So now I have a Chromebook

Chromebook

So now I have a Chromebook clone from my revived Kogan Atlas X14FHD, what can I do with it? One reason for using CloudReady Chrome OS was that I was finding that my Ubuntu 18.04 notebook was not connecting at all to the wifi in a hotel I stayed at. Although based upon Gentoo Linux itself, my “new” Chromebook seems to be much more reliable with captive portal wifi connections than does native Linux: on about par with my ASUS Windows 10 notebook.

My main motivation in using a Chromebook was to find a less distracting, more mobile and productive environment, for writing and blogging. This proposition is, at least for me, confirmed: my 14-inch notebook Kogan is far easier to lug around with me than my 15.6-inch ASUS notebook, for writing and notetaking. there’s no loss of system responsivity.

As an extra bonus, I’m finding better battery life since switching to CloudReady Chrome OS Although the replacement of the HDD with an SSD would have helped a little too, my battery life with Chrome OS was about 2-3 hrs. With Windows 10 on the same system, the battery life was more like 1½ hours.

Chromebooks and Microsoft

Although Microsoft has improved things somewhat, Windows 10 systems are notorious for taking hogging your bandwidth to download 4 GB of updates and then taking over your entire system for hours on end while those files are installed. By way of contrast,  Chrome OS updates itself in minutes, the bandwidth footprint is tiny, the updates are installed as they are downloaded into a special account area. The next time you reboot, your updates are ready to go. This is as it should be: updates from Microsoft are no reason for you to lose productivity.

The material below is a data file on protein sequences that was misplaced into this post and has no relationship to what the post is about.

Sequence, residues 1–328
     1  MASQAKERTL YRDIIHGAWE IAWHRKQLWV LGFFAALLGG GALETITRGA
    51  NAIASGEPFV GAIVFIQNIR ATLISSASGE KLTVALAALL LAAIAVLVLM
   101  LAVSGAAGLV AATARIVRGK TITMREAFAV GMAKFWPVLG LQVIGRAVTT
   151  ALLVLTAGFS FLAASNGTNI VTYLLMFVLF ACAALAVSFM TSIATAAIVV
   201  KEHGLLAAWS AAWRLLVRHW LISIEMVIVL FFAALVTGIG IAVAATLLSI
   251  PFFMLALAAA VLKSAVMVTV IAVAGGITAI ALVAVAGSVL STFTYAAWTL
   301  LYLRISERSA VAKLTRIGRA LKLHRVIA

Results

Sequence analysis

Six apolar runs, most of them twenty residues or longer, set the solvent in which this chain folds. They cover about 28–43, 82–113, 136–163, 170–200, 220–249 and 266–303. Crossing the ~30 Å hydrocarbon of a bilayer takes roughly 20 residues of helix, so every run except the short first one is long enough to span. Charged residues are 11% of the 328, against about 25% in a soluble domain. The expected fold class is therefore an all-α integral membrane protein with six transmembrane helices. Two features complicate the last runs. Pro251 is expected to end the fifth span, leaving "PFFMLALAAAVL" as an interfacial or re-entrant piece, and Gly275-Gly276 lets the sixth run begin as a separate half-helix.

filemanager_box.jpg
The Chromium file manager showing how cloud-based files on Box can be managed similarly to that for Google Drive using the Box add-on (see discussion).

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Back from the Dead (part 2)

This continues from my previous article about reviving my thought-to-be-dead Kogan laptop so I could take advantage of its FHD (1920×1080 px) display, have a less-distracting environment for getting writing done, and be able to try out a Chromebook-like notebook with CloudReady Chromium OS by Neverware.  One issue with a cheap Kogan notebook is the paper-thin stack of documentation supplied by the manufacturer, either in the box or online. Not surprisingly, I couldn’t locate anything remotely like a service manual: the logic, apparently, is: “why would you want to repair this?” Just junk it and buy another. As market logic: yes, it makes sense, I spent less than $400 AUD on it. As planet logic: a big fail for sustainability.

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Back from the Dead (part 1)

I chose the title ‘Back from the Dead‘ because I wanted to write about getting my notebook computer working perfectly again after it was unresponsive and assumed a ‘goner’ 25-months ago. But it also seemed appropriate for my first blog article after almost 6-years since I shut down my, now defunct, chempraxis.wordpress.com chemistry-teaching blog.

Notebook PC
My revived notebook with Chromium OS

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